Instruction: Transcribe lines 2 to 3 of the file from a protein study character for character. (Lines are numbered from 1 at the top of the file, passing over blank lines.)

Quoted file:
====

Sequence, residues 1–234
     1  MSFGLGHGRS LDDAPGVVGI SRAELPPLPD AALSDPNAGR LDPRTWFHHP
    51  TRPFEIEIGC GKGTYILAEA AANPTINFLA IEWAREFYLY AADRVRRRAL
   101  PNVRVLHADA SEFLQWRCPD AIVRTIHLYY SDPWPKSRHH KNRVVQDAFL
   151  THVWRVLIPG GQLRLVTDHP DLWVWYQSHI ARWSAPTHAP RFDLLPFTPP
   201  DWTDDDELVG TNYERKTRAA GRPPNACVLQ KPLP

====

     1  MSFGLGHGRS LDDAPGVVGI SRAELPPLPD AALSDPNAGR LDPRTWFHHP
    51  TRPFEIEIGC GKGTYILAEA AANPTINFLA IEWAREFYLY AADRVRRRAL